The single mother of a 10-year-old Naperville girl says her daughter's school bus driver recently kicked her off the bus, forcing the young girl to walk home, all because she forgot a mask.
"She's in tears, and she's crying and said, 'I got kicked off the bus.' I said, 'What did you do? What happened?' I didn't have a mask," Natalie Young explained, recounting a conversation with her fifth-grade daughter, Cydnee, following an incident on the morning of May 11.
Masks are mandatory in school buildings and on school buses throughout Illinois, in adherence with U.S. Centers for Disease Control and Prevention guidance. However, the school district Young's daughter attends, Indian Prairie School District 204, doesn't have extra masks onboard buses.
To make matters worse, Cydnee is the only Black child on the bus. Young told NBC 5 her daughter felt singled out.
"They told her stand up, everybody look at her, now you get off the bus," the mother said. "It was sad all around."
Cydnee, who usually keeps a spare mask in her backpack, tried to cover her face with her jacket, but was instead asked to leave.
Young, who said she was fortunate enough to be at home when the incident occurred, wondered what would have happened if she was elsewhere at the time. She said the situation could've been much worse, especially in wake of a recent kidnapping attempt of an 11-year-old girl at a Florida bus stop.
The terrifying encounter, which was caught on camera, ended when the girl fought back, and the suspect, a 30-year-old man, took off.
"It fell into my resolve all over again," Young, the Naperville mother, explained. "No, you’ve got to say something. I can’t be the only one this happened to."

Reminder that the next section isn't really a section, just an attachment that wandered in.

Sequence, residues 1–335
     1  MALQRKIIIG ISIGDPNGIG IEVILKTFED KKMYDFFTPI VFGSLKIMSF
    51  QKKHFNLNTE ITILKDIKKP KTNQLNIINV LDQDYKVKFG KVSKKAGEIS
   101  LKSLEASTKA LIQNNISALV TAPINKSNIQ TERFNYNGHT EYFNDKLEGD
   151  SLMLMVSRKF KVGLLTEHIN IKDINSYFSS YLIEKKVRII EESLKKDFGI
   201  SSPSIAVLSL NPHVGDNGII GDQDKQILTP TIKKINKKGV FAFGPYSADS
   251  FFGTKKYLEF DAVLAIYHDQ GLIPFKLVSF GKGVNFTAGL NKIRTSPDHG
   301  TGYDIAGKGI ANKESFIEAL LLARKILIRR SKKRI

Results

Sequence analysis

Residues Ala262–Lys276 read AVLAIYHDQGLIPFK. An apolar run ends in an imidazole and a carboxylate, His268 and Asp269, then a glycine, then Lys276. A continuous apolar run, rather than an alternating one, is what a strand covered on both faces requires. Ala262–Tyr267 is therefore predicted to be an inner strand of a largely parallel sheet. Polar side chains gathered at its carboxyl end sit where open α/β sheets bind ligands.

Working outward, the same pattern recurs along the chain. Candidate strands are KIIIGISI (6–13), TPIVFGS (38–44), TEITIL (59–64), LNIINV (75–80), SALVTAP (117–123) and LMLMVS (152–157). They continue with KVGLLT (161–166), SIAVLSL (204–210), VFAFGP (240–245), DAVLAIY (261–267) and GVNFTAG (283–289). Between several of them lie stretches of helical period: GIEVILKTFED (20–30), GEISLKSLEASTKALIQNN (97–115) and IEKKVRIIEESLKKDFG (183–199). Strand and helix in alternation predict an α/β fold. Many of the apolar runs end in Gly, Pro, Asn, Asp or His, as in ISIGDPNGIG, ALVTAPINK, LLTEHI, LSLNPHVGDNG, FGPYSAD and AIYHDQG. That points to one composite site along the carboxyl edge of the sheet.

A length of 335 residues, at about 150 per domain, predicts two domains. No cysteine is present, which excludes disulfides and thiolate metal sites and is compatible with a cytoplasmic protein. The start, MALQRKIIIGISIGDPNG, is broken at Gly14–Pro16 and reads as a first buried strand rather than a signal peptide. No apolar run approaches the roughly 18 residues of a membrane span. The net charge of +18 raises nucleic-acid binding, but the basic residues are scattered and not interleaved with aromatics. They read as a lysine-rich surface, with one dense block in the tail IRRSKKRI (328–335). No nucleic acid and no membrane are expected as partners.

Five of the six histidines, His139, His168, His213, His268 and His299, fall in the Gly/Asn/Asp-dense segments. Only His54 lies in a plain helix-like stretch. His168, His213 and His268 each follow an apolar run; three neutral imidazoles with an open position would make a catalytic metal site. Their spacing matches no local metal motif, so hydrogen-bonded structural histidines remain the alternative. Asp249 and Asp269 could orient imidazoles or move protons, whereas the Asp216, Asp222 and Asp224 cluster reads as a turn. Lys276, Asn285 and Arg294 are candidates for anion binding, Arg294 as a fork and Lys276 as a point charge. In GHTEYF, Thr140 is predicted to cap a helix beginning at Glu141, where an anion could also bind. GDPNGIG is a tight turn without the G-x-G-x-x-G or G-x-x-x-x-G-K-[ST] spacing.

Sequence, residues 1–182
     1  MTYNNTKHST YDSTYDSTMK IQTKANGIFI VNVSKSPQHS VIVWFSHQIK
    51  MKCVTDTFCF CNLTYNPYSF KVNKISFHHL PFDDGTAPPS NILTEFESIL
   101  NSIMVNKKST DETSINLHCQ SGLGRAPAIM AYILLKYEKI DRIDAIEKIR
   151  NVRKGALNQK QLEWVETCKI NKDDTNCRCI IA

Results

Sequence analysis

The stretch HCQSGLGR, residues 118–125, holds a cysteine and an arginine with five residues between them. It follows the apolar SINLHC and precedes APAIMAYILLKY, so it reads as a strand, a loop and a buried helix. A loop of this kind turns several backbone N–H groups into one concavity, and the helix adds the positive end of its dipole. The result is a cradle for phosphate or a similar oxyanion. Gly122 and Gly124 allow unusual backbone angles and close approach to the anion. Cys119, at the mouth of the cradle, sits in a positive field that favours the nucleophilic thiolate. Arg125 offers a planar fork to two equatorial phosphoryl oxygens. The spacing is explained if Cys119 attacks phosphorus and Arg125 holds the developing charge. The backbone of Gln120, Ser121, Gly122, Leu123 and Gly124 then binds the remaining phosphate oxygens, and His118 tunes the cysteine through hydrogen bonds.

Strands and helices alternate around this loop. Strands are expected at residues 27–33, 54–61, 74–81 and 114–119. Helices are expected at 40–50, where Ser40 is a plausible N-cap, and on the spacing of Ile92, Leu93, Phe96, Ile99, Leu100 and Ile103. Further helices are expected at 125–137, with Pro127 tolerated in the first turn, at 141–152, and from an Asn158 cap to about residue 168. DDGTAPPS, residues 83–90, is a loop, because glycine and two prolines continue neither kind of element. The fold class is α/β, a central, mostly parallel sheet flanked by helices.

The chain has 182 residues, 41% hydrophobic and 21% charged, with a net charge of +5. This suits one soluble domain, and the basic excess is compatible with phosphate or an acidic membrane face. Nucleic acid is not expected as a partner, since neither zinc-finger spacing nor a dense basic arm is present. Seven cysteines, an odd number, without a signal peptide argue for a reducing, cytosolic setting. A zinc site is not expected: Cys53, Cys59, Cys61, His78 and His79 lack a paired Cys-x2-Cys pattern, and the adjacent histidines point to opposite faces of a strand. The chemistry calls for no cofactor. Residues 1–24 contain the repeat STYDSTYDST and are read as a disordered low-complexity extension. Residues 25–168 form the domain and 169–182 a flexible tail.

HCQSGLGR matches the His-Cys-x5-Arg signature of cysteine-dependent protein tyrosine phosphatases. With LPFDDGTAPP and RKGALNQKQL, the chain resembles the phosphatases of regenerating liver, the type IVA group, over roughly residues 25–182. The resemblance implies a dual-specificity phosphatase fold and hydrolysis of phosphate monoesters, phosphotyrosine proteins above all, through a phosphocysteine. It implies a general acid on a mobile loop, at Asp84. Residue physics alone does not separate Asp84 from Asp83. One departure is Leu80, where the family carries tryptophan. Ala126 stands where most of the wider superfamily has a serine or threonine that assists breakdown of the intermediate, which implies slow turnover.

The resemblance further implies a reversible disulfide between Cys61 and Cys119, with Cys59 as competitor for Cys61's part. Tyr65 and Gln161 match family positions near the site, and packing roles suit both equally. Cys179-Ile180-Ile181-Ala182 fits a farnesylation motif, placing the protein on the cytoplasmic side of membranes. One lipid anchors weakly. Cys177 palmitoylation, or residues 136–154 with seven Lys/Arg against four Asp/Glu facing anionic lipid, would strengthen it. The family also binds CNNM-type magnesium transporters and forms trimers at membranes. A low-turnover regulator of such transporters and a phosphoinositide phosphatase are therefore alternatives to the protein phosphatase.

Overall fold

As a result, she wrote a letter to her daughter's school district.
In a statement to NBC 5, Indian Prairie School District 204 noted face masks are required for all students riding a bus, per state guidelines. The district added "the bus driver offered for the child to go home and get a mask. The child declined."
School district officials also said the driver waited to see that the child was safely inside her home before leaving. Young, however, disputed that point.
She said the bus stop is just far enough away from her house, it would be difficult to see her front door. Young said the situation could have been easily resolved if masks were placed on buses for emergencies.
The school district explained it is looking into offering personal protective equipment on buses next year.
"Safety above all should always be their concern," Young said.
The full statement from Indian Prairie School District 204 is below:
"In reference to the incident that occurred on May 11, 2021, face masks are required for all students riding a bus and at school per state guidelines. Prior to boarding the bus, the driver noticed the student was not wearing a mask. The driver asked if the student had a spare mask in her backpack. Upon checking, the student indicated she did not have a mask. The bus driver offered for the child to go home and get a mask while the driver waited for the child. The child declined and indicated her mother would take her to school. Per district procedure, the driver waited to see that the child was safely inside the home before leaving the bus stop.
We do not currently have PPE available on buses, however this is under consideration for next school year.
We currently have 365 buses running 1,267 routes serving over 9,000 students daily.
The safety of our students is always a top priority."